Looking at the rest of the teaming agreement, the court said that the parties’ intent to give Point Blank the discretion to protest or not protest was made clear by numerous other provisions giving Point Blank the right, for example, to: “(1) decline to submit a Proposal at all, at its sole discretion; (2) solely determine the form, content and pricing of the Proposal; (3) solely negotiate a contract with the government; and (4) terminate the Agreement at will, simply by notifying TYR ‘in writing of [its] decision not to submit the Proposal.’” To rule as TYR requested would, the Court held, “make the express authority provided to Point Blank . . . largely “useless or inexplicable,” and impermissibly fail to ‘give[ ] a reasonable meaning to all provisions of a contract.’”

Despite the Florida court’s ruling, nothing stops the parties from drafting a teaming agreement that gives the subcontractor the right to require the prime to protest, either before or an award, if that’s what they really want to do. As the Court’s decision demonstrates, however, the parties must take exceptional care in drafting any such provisions, since they run counter to typical teaming agreement clauses giving the prime broad discretion about the form and content of the proposal, pricing, and even whether to submit a proposal at all.

More importantly, the team leader—typically the proposed prime contractor—should carefully consider whether it should, under any circumstances, give the subcontractor the right to compel a protest, in the event there is a disagreement, and if so, under what conditions. Depending on the circumstances, it is possible that giving a subcontractor the right to direct and require the filing of a protest may conflict with the prime contractor’s marketing plans or strain its relationship with the agency.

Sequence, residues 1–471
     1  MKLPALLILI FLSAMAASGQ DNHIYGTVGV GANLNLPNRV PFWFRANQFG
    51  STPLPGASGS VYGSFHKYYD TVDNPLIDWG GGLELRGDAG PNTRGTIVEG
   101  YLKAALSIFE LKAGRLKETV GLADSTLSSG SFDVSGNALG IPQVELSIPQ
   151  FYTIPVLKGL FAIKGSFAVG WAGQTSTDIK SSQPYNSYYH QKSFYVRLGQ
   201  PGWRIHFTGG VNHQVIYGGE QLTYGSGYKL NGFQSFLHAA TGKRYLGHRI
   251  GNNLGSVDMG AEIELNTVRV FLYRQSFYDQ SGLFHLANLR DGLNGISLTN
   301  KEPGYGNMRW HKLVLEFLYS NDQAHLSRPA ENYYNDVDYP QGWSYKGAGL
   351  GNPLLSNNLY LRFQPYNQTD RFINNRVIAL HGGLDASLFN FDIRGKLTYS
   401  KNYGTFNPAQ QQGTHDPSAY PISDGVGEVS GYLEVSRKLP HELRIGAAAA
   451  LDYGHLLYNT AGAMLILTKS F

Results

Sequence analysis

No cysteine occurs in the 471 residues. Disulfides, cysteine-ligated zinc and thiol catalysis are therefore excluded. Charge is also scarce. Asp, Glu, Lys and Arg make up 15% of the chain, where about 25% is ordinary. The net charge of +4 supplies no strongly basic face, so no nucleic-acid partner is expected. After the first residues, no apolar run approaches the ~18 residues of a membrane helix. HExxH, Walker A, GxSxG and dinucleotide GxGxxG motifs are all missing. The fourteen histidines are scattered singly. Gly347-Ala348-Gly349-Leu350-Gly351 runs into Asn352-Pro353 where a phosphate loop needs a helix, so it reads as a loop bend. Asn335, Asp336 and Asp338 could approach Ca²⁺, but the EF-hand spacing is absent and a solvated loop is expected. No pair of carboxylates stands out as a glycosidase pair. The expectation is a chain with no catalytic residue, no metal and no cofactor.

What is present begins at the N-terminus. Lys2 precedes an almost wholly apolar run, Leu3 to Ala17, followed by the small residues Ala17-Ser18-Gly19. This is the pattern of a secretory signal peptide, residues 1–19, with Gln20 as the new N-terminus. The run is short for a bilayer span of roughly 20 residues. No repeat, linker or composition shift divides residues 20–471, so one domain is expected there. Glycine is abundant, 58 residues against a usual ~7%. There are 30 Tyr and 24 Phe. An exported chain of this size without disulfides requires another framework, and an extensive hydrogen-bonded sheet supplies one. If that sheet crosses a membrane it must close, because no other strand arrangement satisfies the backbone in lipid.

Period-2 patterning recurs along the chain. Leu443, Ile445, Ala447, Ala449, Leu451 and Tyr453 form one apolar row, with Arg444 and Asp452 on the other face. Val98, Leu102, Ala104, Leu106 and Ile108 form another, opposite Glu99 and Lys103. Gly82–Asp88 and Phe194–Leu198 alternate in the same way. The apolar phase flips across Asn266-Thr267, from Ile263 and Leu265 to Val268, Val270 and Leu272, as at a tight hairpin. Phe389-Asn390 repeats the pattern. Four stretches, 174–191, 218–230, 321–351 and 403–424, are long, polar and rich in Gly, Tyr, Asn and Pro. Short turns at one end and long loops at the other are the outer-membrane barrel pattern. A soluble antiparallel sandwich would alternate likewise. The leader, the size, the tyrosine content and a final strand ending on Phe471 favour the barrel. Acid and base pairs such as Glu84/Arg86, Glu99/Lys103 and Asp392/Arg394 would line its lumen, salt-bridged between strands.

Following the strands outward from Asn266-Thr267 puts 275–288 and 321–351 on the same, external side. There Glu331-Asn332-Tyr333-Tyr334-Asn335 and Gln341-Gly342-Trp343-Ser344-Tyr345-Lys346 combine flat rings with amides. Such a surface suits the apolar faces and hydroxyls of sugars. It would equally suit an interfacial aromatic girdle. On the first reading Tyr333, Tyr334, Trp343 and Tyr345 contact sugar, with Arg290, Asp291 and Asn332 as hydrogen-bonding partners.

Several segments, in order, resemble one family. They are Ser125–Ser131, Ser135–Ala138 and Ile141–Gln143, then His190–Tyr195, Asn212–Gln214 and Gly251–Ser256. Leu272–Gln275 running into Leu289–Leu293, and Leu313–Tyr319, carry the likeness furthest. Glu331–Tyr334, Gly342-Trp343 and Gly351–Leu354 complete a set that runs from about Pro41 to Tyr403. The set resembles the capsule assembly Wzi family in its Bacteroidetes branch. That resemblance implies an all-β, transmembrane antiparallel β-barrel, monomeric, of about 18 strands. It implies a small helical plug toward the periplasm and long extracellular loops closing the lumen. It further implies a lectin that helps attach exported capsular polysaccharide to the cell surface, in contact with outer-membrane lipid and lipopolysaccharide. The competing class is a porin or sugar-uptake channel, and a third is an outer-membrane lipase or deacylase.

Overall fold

Below are some issues for parties to a teaming agreement to consider when drafting a protest provision:

  • Who decides? The parties should clearly state who has the right to decide whether or not to protest. Does the prime contractor retain sole and unilateral discretion? Does filing a protest require mutual consent, at least when protest costs will be shared by the parties? Does the subcontractor have any right to require a protest to be filed over the prime’s objection? The parties should address the same issue in the event the team receives the award but has the option of intervening in a protest filled by another unsuccessful offeror.
  • Who selects counsel? The parties should clearly state who has control over the proceeding, including who has the authority to select legal counsel. The options are: the prime has unilateral authority to hire legal counsel; the decision must be the subject of a mutual agreement at the time of the protest; or the parties could identify the firm in the teaming agreement. The parties must be mindful that any firm must either be free of conflicts as between the prime and the sub or such conflicts must be the subject of an express waiver. The prime should keep in mind that allowing the sub’s lawyers to file the protest could give the sub access to its proposal and pricing information. Again, the parties should consider addressing this issue in the context of both a protest and an intervention.
  • Who pays for the protest? In the event of either a protest or an intervention, the parties should specify who is responsible for protest costs, in what proportions, and how payments will be made. This provision could assign different responsibilities depending on whether the decision to protest/intervene was unilateral or mutual.
  • What is the status of the team while a protest is pending? If the teaming agreement includes a protest provision, the parties should adjust the termination provision to provide that the teaming agreement will not terminate upon award to another offeror in the event the prime contractor files a timely protest. The provision should also address the possibility of a "second bite" protest at the Court of Federal Claims following an unsuccessful GAO protest, and any subsequent appeals, since those can considerably lengthen the process.